From the category archives:

Sustainable Building Materials

I’ve been researching kitchen cabinets for my sustainable apartment kitchen project here at Sustainable Schmidt, and stumbled upon the main “green” certification for the kitchen cabinet industry: KCMA‘s Environmental Stewardship Program (ESP).  KCMA, the Kitchen Cabinets Manufactures Association, is an industry-based group with over 400 members that began in 1955.  It started it’s ESP certification program in 2006 “to help cabinet manufacturers demonstrate their commitment to environmental sustainability and help consumers easily identify environmentally-friendly products.” Cabinet companies that seek certification have to go through the ESP’s point-based certification process, that involves collaboration with a sustainable forestry program and compliance with the formaldehyde emission level of the California Air Resources Compwood ATCM.

While this stewardship program seems relatively strict, I found it curious that this certification process for the cabinet industry is sponsored by its industry-based organization.  When you consider the fact that KCMA was “founded with the goal of promoting growth for the entire cabinet industry and strengthening individual members,” it’s hard to see how the ESP can objectively evaluate this industry.  One wonders if this “certified green” stamp that manufacturers can label their products with is less informative and more a form of greenwashing.  The ESP does receive a third-party consensus from the American National Standards Institute, which somewhat alleviates my worries.  However, ANSI’s mission statement is to “empower its members and constituents to strengthen the U.S. marketplace position in the global economy,” so economic factors still have a louder voice than environmental ones.

It might be informative to compare the ESP to what many consider to be a truly rigorous and objective third-party

certification system, Cradle to Cradle Certification.  Brainchild of William McDonough, whose book I featured in my last post, Cradle to Cradle Certification “is a multi-attribute eco-label that assesses a product’s safety to humans and the environment and design for future life cycles.” The multi-tiered format of the C2C certification system, from Platinum down to Gold, Silver, and Basic, already demonstrates a big difference in the legitimacy between this and KCMA’s ESP, which lacks any sort of differential standards.  In fact, C2C’s highest Platinum certification is so rigorous that no products have yet achieved this award.  On the other hand, because their is only one standard certification within the ESP, their lacks any incentive for cabinet manufacturers to upgrade their processes above the required minimum, and fails to reward those that take extra steps in their processes to be more sustainable.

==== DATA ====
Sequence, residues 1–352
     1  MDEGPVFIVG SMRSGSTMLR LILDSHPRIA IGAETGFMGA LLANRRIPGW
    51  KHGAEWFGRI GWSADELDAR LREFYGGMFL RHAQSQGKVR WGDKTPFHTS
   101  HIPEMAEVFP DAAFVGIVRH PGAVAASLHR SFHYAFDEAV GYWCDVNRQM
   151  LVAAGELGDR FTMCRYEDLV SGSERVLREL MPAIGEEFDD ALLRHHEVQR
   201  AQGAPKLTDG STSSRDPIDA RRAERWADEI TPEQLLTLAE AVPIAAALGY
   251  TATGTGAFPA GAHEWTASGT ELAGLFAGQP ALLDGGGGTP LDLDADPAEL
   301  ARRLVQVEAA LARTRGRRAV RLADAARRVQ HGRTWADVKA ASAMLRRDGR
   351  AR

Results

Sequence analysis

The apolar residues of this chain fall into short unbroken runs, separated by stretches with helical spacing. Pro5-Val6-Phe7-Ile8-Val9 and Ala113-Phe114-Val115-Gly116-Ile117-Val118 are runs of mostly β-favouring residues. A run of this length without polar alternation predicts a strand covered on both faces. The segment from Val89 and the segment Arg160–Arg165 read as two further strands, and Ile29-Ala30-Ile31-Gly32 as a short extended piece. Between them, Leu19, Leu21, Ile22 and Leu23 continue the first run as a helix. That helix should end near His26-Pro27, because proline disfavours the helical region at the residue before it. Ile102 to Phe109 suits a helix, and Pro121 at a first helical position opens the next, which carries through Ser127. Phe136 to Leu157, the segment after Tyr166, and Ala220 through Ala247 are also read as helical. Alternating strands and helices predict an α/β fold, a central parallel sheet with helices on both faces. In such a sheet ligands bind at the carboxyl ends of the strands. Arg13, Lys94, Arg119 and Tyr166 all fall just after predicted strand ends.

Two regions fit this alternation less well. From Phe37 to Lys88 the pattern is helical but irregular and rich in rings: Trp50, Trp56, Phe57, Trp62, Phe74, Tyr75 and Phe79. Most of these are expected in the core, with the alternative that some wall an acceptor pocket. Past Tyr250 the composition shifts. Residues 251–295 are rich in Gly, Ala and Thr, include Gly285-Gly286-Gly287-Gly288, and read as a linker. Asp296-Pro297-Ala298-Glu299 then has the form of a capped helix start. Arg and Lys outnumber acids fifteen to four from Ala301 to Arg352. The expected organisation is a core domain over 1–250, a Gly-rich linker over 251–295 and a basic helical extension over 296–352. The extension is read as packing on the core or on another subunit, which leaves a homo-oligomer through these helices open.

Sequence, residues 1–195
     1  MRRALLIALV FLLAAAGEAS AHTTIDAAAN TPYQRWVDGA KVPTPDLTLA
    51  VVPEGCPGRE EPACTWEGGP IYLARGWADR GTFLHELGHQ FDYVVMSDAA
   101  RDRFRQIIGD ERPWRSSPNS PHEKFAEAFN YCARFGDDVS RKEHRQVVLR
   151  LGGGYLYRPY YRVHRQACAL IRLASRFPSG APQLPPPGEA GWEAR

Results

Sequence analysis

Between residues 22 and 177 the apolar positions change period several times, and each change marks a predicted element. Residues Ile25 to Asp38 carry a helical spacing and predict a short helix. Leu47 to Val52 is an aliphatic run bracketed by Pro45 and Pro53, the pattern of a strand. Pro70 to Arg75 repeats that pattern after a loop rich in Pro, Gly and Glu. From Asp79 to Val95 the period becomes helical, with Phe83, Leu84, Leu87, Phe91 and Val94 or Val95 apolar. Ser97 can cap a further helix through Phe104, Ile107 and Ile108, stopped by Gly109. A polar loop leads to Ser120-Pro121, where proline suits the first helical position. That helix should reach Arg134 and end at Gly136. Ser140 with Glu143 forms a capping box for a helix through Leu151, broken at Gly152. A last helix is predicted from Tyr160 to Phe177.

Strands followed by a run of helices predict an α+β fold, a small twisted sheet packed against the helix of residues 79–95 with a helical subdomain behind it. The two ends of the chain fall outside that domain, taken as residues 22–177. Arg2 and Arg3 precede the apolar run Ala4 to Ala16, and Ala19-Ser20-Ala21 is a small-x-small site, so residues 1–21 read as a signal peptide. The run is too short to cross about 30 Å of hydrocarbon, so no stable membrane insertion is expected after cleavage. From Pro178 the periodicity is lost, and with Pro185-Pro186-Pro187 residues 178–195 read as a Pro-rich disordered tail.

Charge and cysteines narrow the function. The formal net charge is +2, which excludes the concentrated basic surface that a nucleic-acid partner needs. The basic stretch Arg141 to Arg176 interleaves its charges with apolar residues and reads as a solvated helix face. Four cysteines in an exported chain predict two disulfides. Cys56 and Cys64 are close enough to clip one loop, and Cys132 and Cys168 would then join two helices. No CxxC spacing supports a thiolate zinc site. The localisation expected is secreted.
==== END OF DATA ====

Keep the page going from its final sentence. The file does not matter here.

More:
Unlike Cradle to Cradle’s required standards for each tier of certification, the ESP certification process follows a point-based system where not all possible points have to be undertaken to receive certification.  Thus, manufacturers can skimp out on accomplishing certain aspects of it’s resource processes or product management completely unchecked without and consequences.  Furthermore, applicants for the ESP only need to “self-certify” that they’ve achieved certain tasks by filling out various forms.  C2C appoints their own project manager to each applicant who is trying to receive certification.  Strange enough, in this article manufacturers have reported little to no added cost for compliance with ESP, which adds to the perception that this certification process might be too light on manufacturers, who barely need to change their processes to comply.

All these points strongly call to question the true sustainability of KCMA’s Environmental Stewardship Program.  Something doesn’t sit right with industry-groups regulating industry-groups.  This voluntary certification’s stamp can be misleading to customer’s who are looking for environmentally friendly products for their homes.  Greenwashing or not, in 2007 KCMA gathered that its manufacturers sold a total of $10 billion in certified products.  The monetary incentive to be “green” is there, and industries are finding ways to take advantage of that fact without having to change their processes and actually strive for environmental stewardship.  Not surprisingly, there are yet to be any Cradle to Cradle Certified kitchen cabinet products, even on the Basic level.



I have hope that flying cars will exist in the future. I have hope that there are actual people reading this blog. I have hope that ‘World Peace’ never changes his name back to Ron Artest. I can hope that these ideas come to fruition. But I don’t have to simply rely on hope when I think about the future of green construction.

On Wednesday, SRELP made a field trip to PCBC, a trade show at the Moscone center that showcased construction materials from around the nation. The vast number of green options was exciting and inspiring to behold. As is the case with many companies, there were a few people that used the word green a bit too freely to describe products that weren’t exactly green, but for the most part, the booths offered a variety of green options for building materials and construction. Some favorites:

Matrix Viribright LED Light bulbs: Whereas fluorescent light bulbs are indeed sustainable, LED lights are even better!  This is due to the fact that LED lights do not use mercury, making them easier to dispose of; and use a greater portion of the electricity they consume for generating light– meaning that they are more efficient.  In addition, Viribright’s light bulbs are cheaper than most LED bulbs.   The one downside I noticed to Viribright’s LED lights is that they are only manufactured in China and Vietnam.

Trunano Counter Top Sealant: This sealant is unique for– supposedly– using no VOCs (a fancy word for dangerous chemicals like formaldehyde or acetone), being biodegradable, and using covalent bonds instead of using an adhesive to repel the liquid.  This means that the counter tops only need to be resealed every 3 or 4 years, rather than every 6 months.  The downside to this product is the price, but over time, having to buy this product once every few years ensures that the costs even out.